This review also identifies outcome measures that aresimple to administer and require limited resources, and could therefore be easily implemented in a clinical setting. Prosthetic outcomes related to functional mobilityand quality of life issues that are most relevant for amputee patients can thus be assessed by the rehabilitation clinician by using one or more of these measures. Some of the validated measures may be limited in their ability to effectively assess the attributes of interest and may not have significant value for a particular patient. In such cases, it is usually beneficial to use the most appropriate validated outcome measure and supplement it with an additional outcome instrument. By incorporating outcome measures in daily practice clinicians can have the ability to evaluate the various aspects of clinical care such as level of confidence with the prosthesis, socket comfort, functional level and quality of life with the prosthesis. Outcome measures not only help clinicians to determine the effectiveness of an intervention but they can also detect the cause of the problem and in some cases provide directions on potential solutions and therapeutic interventions. Through outcomes measurement, clinicians can assess the value of the treatment for patients and demonstrate to the caregivers and insurers the extent to which the treatment brings about improvement in health.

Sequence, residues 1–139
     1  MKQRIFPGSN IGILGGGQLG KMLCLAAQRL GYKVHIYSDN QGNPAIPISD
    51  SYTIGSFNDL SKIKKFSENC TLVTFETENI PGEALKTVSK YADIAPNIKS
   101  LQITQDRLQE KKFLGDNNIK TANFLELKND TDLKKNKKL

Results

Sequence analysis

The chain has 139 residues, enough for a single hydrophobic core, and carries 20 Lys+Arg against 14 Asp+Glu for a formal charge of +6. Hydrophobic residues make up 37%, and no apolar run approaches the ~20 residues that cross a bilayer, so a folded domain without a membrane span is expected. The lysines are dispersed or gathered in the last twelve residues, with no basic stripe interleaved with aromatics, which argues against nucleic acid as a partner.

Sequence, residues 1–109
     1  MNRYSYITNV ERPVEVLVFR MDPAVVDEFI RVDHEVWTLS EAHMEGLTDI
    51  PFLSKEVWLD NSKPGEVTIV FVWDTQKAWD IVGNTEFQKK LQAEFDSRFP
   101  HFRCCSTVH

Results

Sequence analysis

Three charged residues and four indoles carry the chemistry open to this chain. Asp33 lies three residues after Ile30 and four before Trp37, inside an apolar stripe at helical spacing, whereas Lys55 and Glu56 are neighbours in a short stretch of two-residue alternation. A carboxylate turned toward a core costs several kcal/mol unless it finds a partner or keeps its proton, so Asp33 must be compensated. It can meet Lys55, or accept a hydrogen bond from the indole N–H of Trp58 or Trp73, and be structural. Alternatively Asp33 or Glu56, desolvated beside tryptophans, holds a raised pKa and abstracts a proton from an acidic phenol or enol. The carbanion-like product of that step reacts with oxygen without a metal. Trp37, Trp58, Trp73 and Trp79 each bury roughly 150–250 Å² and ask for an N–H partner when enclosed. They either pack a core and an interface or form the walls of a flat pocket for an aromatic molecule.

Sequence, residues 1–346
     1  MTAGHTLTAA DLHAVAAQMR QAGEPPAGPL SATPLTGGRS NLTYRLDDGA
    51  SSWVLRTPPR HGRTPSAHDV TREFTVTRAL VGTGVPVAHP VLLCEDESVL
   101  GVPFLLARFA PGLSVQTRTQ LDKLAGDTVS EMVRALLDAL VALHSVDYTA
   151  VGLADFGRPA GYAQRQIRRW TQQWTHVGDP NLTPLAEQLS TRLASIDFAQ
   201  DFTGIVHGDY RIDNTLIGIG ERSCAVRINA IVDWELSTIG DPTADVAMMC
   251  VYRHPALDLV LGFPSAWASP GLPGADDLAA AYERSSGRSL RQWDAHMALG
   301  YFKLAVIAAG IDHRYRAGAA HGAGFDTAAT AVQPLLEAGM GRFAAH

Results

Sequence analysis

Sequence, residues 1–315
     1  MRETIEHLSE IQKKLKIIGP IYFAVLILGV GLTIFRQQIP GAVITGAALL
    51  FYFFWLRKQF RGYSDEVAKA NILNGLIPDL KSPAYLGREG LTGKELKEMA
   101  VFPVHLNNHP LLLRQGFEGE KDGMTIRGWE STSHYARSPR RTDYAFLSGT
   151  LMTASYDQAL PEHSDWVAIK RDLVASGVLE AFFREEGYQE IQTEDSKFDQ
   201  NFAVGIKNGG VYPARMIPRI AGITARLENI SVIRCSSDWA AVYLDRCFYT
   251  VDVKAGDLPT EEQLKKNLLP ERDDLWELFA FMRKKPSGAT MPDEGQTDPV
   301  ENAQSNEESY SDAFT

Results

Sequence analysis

Measurement of outcomes is a systematic approach for evaluating the quality of care, and effectiveness of treatment that clinicians provide to patients with amputations. Reliable and valid outcomemeasures can act as powerful tools not only for improving clinical care but also for justifying the plan of treatment to third party payers. By utilizing the appropriate outcome measures, clinicians will be able to get an overall idea of the health outcomes in amputee patients, improve prosthetic performance and satisfaction and reduce the per capita cost of treatment.


  1. Donabedian A. Evaluating the quality of medical care. 1966. Milbank Q. 2005; 83: 691-729.
  2. Day HJ . The assessment and description of amputee activity. Prosthet Orthot Int. 1981; 5: 23-28.